EXCLUSIVE Interview with Craig Rowin, the comedian who asked for $1 million on YouTube, and gotcha

Craig Rowin went on YouTube a couple of months ago and asked for someone to give him $1 million. Rowin then boasted that someone had stepped forward to present him with the money, and put on a live show last night at the UCB Theatre in New York City, complete with a raffle (giving away DVDs, a steak dinner and more), live music, reading of negative YouTube comments by Hannibal Buress, and even an appearance by Matthew Lesko (the guy from Washington, D.C., who wears question-mark suits on infomercials telling you how to get free money).

All leading up to this…


So. Yeah. It was a complete hoax. He got a half-million views for his "success" video and mainstream press from the New York Daily News and ABC News to around the world to buy into it. A TV crew from Germany showed up last night to cover the check-signing.

The Comic's Comic talked to Craig Rowin backstage after the show for this exclusive interview.

At what point did you decide to go the route that you did? "It was after the third video, and people around the theater, around UCB, were like: 'Are you going to get $1 million yet? You get $1 million yet? You get $1 million yet?' I was like, it's not going to happen. If it didn't happen yet, it's not going to happen. But there needs to be a conclusion. This is a webseries. I want it to end awesomely. And people want something to happen. So I was like, let's just make it happen! Let's just make a show of it. And continue the storyline. So it was like, before New Year's, let's do this, and I talked to Will (Hines). I talked to Adam (Lustick). I talked to Jim, who directed the show, Jim Santangelli, and of course Avi (his manager, Avi Gilbert), and some other people and asked, is this a good idea? And I pitched it to Anthony King, the artistic director here at the theater, and he said, 'yeah, that's a good idea.'"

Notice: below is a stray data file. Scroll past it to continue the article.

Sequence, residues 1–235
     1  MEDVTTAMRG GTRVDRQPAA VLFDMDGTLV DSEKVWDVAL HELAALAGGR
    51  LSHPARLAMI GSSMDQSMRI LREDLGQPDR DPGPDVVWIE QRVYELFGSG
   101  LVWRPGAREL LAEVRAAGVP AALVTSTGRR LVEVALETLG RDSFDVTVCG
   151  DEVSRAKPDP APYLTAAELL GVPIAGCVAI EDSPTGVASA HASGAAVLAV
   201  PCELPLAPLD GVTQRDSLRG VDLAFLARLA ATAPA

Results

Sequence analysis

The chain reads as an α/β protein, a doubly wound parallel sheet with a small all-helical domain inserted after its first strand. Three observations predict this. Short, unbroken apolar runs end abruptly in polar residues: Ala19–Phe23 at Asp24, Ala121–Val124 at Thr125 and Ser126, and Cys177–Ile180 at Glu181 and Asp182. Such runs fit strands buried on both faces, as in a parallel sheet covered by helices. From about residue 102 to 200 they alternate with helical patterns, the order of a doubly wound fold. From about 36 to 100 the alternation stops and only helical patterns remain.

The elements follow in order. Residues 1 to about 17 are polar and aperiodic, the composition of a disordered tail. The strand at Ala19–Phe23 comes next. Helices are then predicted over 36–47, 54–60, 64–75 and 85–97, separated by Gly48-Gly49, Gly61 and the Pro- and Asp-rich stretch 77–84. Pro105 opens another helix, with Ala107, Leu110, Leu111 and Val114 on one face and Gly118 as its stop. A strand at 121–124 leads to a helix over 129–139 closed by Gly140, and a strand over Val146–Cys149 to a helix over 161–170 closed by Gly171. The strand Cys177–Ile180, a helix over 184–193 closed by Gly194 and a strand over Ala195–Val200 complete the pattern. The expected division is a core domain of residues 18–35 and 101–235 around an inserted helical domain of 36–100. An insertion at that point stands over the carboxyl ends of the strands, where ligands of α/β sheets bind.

Was there anybody who said, 'Craig, don't give up.' Maybe there's somebody out there who'd actually give you the million? "No. I don't know. I realize it's a shot in the dark to get a millionaire to come, so, when I did start, I was slightly optimistic. But after a while I realized, this probably won't happen."

So when you put out the success video, obviously, I congratulated you. "Yes, you did. You were very nice."

You probably got lots of other messages. "Yes. I've got about a million other emails that I haven't replied back to yet, because I didn't want to lie."

And we saw that you got coverage in the Daily News. What was going through your mind at this point? "Well, which breakdown happened first? It was hard. I realized. I debated back and forth. Is this too big? I didn't expect the response to be this big. Honestly. Thinking back, I think we might have been a little foolish, with how big we thought it would get, and it just exceeded that. The first day, I just felt swamped and was like, is this a terrible idea? But then I had some friends and people involved who said, 'No. This is a good idea. Just believe in it. Commit to it. And it will be worth it.' And I remembered when I started the idea, I thought it would be cool and funny and everything that I wanted it to do. And then in the hard moments, I thought I just have to follow through."